An anti-advertisement action group in the UK has managed to get a Toyota HiLux campaign banned on environmental grounds.
The group, called Adfree Cities, protested to the UK’s advertising watchdog the Advertising Standards Authority (ASA) about a 2020 advert from the Japanese carmaker that it said condoned environmentally harmful behaviour while calling for an end to advertising of high-carbon products and services.
ASA agreed and banned the ad saying it ad been created without “a sense of responsibility to society”.
It is the first time ASA has blocked an SUV advert on the grounds of breaching social responsibility in an environmental context.
The watchdog barred two ads, a poster and a video shown on social media, where dozens of Toyota Hilux cars drive across off-road terrain including a river, while a voiceover describes the scene as “one of nature’s true spectacles”. The ad was filmed in an undisclosed location.
ASA ruled that the adverts “condoned the use of vehicles in a manner that disregarded their impact on nature and the environment … they had not been prepared with a sense of responsibility to society”.
Veronica Wignall, a co-director at Adfree Cities, said: “These adverts epitomise Toyota’s total disregard for nature and the climate, by featuring enormous, highly polluting vehicles driving at speed through rivers and wild grasslands.”
“It’s a cynical use of nature to promote something incredibly nature-damaging.
Wignall added: “This ruling is a good moment to think about the limitations of what the regulator can do,” noting that the body relied on civil society to monitor ads for potential harm. The ASA can only act on adverts that are environmentally damaging through breaches of advertising codes … But the harms caused by high-carbon advertising go much deeper than that.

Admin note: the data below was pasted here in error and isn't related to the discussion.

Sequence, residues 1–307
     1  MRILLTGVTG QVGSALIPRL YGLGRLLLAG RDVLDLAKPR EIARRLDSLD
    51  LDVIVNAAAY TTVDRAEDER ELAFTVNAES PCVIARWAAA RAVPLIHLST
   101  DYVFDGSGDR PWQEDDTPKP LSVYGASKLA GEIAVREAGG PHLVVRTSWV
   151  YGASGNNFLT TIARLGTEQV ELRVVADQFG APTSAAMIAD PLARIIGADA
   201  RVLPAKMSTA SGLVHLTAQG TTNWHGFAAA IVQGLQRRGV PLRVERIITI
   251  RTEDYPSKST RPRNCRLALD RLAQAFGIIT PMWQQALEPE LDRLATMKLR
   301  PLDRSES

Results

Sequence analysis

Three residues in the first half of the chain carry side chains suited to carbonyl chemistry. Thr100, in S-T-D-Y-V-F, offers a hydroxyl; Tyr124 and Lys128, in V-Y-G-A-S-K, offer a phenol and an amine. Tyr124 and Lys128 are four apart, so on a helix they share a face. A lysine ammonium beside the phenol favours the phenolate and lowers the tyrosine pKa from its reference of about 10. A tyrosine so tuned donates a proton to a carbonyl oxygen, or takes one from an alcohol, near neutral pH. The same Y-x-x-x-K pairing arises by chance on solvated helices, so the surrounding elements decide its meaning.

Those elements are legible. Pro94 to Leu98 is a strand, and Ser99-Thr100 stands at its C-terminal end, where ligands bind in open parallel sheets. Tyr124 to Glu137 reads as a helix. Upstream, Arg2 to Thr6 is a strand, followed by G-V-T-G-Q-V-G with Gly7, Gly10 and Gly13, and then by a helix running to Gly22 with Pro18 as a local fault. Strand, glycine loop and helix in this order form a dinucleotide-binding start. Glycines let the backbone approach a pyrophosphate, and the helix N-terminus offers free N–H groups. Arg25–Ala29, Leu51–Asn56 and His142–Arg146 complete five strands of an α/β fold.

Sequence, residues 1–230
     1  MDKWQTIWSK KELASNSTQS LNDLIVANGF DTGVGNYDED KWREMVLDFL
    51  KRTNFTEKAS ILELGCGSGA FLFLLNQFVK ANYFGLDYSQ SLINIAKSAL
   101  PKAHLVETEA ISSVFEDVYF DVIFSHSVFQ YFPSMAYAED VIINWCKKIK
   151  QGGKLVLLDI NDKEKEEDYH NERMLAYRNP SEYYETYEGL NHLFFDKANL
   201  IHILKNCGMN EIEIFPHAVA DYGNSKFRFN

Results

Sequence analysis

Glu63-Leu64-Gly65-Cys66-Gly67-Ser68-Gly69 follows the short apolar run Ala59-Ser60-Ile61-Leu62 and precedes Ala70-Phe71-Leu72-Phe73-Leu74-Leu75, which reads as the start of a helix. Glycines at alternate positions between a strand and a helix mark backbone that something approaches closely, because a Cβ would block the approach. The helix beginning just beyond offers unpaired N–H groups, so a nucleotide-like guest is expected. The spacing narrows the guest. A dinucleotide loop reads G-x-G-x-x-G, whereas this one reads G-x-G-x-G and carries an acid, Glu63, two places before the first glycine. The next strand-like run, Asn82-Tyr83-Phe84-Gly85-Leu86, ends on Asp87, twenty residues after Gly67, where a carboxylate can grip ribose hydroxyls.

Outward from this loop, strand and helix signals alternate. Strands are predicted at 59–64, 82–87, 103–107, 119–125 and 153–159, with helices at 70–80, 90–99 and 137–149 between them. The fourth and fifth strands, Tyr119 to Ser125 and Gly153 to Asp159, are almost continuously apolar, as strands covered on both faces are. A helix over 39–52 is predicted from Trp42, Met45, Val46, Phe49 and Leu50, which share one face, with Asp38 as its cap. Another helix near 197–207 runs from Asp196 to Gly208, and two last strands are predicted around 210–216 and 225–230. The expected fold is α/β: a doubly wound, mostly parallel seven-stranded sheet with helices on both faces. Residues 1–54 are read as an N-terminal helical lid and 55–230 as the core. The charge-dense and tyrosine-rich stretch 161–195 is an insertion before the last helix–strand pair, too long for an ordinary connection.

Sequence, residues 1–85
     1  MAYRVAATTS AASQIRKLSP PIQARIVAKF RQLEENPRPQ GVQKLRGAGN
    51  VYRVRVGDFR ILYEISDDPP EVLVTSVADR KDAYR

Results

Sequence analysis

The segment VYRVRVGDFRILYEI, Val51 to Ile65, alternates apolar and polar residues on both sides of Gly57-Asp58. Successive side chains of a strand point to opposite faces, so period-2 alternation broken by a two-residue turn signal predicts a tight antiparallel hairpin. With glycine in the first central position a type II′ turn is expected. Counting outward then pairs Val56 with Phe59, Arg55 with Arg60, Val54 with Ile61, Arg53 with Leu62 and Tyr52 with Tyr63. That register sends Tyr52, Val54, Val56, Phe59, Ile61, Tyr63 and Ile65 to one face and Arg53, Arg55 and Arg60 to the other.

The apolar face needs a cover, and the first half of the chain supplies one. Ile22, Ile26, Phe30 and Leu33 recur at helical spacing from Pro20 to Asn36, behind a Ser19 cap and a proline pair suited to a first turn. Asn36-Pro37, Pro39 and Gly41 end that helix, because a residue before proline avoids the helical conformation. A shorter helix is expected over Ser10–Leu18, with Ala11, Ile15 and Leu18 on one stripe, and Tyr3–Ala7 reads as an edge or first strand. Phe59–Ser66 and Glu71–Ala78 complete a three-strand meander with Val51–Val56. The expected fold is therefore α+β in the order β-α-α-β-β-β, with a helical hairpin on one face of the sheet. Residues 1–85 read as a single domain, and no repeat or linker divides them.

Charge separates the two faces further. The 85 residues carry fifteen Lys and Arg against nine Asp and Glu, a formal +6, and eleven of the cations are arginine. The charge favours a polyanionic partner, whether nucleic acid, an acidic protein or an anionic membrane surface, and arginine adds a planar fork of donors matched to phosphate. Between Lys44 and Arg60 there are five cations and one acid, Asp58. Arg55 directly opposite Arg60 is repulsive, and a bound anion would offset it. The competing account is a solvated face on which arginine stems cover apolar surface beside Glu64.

“Advertising for SUVs is pushing up demand for massive gas-guzzling, highly polluting cars in urban environments, just when we want streets that are safer and cleaner and an [accessible] low carbon transport system,” Wignall said.
Wignall added that Adfree Cities wanted to “stop high-carbon advertising at source” with a tobacco-style ban. “Similarly, climate breakdown is increasingly damaging health in the UK, as well as obviously across the world where impacts are felt more severely.”
Responding to ASA’s announcement, a Toyota spokesperson said: “Toyota does not condone behaviour that is harmful to the environment. In fact, over the course of the past three decades, not only has Toyota been one of the leaders in the automotive field in terms of carbon emissions reduction across its vehicle offering, it has shared hundreds of royalty-free licences, allowing others to use its electrification technology.
“As part of its wide range of global vehicle offerings, Toyota caters for customers who require a mobility option for reliable use in the harshest of terrains – those people who operate in off-road and remote settings.”
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